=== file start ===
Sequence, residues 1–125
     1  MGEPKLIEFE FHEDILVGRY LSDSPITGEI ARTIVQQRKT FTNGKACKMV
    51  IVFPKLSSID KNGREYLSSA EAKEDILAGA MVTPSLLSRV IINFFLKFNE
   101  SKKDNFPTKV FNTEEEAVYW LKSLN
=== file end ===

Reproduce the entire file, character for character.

Sequence, residues 1–125
     1  MGEPKLIEFE FHEDILVGRY LSDSPITGEI ARTIVQQRKT FTNGKACKMV
    51  IVFPKLSSID KNGREYLSSA EAKEDILAGA MVTPSLLSRV IINFFLKFNE
   101  SKKDNFPTKV FNTEEEAVYW LKSLN